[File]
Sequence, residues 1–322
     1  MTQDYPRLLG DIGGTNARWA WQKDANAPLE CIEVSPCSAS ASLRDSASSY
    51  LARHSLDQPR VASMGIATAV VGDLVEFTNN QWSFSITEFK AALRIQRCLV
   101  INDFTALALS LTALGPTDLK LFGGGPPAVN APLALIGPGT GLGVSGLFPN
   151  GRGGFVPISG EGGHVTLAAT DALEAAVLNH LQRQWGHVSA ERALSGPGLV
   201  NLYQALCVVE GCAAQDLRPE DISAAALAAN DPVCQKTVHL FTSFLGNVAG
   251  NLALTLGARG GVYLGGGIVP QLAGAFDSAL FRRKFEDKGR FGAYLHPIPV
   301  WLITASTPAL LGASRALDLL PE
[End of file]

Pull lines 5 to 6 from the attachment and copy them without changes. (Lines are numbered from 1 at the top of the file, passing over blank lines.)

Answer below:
   151  GRGGFVPISG EGGHVTLAAT DALEAAVLNH LQRQWGHVSA ERALSGPGLV
   201  NLYQALCVVE GCAAQDLRPE DISAAALAAN DPVCQKTVHL FTSFLGNVAG